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Old 03-02-2013, 01:10 AM   #1
c-10 simplex
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Default Opening a track: Off topic, yet on topic:

1) If you own an industrial park, then what exact opposition/reasons could be raised to prevent you from operating vehicles on your own private property?

a) Everything the same as above only now let's say the industrial park is in SoCal.

2) If you own a farm outright, then what exact opposition/reasons could be raised(and presented to whom?) to prevent you from operating vehicles on your own private property?
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Old 03-02-2013, 02:09 AM   #2
n.z.rodder
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Default Re: Opening a track: Off topic, yet on topic:

There WILL be local body by-laws with regards to noise, pollution (tyre smoke etc) even though it's private property they'll still tell you what to do.

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Old 03-02-2013, 07:13 AM   #3
bobss396
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Default Re: Opening a track: Off topic, yet on topic:

I've thought about buying 10 acres in the boonies and carving out a nice banked 1/4 mile dirt track for me and friends to race on. The only problem I see is being susceptible to personal injury with no medical help around.

The big tip off anywhere would be the noise and the ultimate kibosh would be any other local law that could be thrown at you.

Bob
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Old 03-02-2013, 09:01 AM   #4
Pops1532
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Default Re: Opening a track: Off topic, yet on topic:

The first thing is zoning. Most but not all places have zoning laws. Many cities and counties are making their zoning laws more stringent. You can sometimes get a special use permit instead of rezoning a property.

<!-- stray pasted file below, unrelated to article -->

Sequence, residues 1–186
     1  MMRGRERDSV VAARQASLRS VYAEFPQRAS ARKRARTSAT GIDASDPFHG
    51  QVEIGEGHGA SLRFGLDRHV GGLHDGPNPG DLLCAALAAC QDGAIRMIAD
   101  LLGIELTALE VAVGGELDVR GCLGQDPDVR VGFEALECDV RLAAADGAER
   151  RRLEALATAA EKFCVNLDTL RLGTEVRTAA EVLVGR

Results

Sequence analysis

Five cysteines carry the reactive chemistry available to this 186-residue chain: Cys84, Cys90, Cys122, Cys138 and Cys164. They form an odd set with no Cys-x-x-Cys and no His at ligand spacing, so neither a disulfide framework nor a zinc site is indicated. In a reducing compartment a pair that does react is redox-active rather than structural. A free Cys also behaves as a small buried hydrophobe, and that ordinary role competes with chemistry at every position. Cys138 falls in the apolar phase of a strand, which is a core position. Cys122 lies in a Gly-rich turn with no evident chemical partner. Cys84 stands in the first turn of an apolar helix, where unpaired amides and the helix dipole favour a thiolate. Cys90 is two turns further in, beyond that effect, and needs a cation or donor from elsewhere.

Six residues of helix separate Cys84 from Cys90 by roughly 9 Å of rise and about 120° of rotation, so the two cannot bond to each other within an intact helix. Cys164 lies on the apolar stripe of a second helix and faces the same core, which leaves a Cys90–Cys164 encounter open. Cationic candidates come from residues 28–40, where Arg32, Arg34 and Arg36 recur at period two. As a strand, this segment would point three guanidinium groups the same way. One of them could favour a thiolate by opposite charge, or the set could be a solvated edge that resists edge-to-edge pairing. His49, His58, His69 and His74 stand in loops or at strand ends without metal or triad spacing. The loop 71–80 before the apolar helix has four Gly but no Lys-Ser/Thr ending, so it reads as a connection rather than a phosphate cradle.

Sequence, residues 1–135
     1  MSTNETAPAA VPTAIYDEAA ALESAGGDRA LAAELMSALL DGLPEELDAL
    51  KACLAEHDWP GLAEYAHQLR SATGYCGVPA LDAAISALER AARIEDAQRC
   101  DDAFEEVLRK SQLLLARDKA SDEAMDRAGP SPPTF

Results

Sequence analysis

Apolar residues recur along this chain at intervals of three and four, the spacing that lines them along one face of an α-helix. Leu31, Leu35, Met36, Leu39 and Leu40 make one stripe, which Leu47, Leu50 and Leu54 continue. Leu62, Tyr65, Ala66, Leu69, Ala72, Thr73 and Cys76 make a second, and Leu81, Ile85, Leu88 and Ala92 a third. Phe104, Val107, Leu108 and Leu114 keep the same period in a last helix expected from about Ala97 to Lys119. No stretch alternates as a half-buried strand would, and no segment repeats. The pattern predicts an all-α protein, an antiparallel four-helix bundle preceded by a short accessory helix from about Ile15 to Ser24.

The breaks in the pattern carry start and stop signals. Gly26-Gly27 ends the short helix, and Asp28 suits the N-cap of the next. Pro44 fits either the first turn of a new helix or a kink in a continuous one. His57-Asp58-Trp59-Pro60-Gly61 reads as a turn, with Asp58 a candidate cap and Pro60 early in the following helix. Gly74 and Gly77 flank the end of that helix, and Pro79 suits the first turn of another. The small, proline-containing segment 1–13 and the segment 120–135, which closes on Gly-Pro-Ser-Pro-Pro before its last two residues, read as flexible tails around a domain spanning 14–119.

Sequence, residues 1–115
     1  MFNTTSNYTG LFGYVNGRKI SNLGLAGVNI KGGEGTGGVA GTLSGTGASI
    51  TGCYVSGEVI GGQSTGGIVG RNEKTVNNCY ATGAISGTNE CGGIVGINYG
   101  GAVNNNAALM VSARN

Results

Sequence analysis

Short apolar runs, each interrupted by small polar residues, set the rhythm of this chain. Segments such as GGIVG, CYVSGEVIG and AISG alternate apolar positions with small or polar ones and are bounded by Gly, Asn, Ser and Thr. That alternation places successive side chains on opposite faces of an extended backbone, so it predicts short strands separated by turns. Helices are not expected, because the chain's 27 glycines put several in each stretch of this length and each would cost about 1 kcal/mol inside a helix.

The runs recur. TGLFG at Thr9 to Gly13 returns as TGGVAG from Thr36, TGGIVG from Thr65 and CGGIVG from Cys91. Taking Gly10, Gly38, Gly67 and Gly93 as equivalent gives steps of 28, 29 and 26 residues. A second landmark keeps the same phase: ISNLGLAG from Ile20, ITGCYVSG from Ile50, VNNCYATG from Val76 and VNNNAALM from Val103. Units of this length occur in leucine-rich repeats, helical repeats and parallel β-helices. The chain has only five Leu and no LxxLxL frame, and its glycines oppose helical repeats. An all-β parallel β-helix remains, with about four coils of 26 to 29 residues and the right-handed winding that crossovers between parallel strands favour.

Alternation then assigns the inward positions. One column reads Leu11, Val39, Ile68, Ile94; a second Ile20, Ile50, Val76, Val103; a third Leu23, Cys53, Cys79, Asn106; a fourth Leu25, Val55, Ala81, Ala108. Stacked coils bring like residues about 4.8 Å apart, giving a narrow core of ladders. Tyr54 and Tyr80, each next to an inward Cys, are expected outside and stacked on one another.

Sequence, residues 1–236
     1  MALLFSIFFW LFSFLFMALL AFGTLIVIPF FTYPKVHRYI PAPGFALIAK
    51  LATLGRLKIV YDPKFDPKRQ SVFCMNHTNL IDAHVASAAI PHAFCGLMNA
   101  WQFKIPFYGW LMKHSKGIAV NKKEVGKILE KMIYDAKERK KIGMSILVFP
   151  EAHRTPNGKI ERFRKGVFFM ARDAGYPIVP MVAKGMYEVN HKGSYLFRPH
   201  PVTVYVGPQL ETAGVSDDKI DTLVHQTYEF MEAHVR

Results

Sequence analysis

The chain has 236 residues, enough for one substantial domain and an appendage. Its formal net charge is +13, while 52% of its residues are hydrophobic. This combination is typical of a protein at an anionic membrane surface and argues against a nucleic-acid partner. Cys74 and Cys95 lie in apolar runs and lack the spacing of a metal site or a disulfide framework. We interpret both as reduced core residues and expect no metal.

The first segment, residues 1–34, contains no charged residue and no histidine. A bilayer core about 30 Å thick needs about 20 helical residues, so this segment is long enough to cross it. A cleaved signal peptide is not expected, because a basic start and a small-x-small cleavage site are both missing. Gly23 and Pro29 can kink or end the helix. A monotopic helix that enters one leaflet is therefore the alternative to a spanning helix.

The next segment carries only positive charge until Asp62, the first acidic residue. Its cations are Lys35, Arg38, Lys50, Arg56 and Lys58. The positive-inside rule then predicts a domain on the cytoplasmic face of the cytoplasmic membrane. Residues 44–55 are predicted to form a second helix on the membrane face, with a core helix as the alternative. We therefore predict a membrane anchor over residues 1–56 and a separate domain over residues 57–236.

Building a track for your own use may fall in a grey area. If you're planning a track for public use you can expect the zoning and code enforcement people to fight you every step of the way.

Neighbors can and likely will be a problem. They'll bitch about everything from noise,dust and truck traffic when you build it, and then they'll really bitch about the noise once you put cars on the track. People move to an area near a track that's been in operation for decades and complain, and often get restrictions put on tracks and sometimes get them shut down completely. Shutting down construction of a new track would be easier. If you manage to get it built you can still expect someone to try to shut you down.

The zoning/code departments may require an environmental impact study.

If you need to get the zoning changed you might as well find another property with the appropriate zoning. Part of the zoning change will include public hearings where the neighbors can comment. The process can take a few months to a several years and you'll need legal representation to get it done.

If you somehow manage to get zoning approval you'll need permits. I'm not familiar with SoCal so I don't know what permits you'd need. In my area you'd need a building permit from the appropriate city or county department. If there was no sanitary sewer and a septic system is to be used you'd need a state health department permit.

They may require a traffic impact study. In some cases they make developers improve existing public roads to handle the additional traffic. They often require detention or retention ponds for water runoff.

You'll likely encounter a state department that handles public safety issues. If plan on selling concessions you'll have to deal with more licenses and inspections.

There will be government agencies you've probably never heard of telling you you can't build it, can't operate it, or make you jump through a bunch of hoops if they let you build it. Even when you meet all the requirements there will be someone in local government that doesn't like race tracks or racers and they'll use their power against you to limit what days you can operate, set a curfew, etc.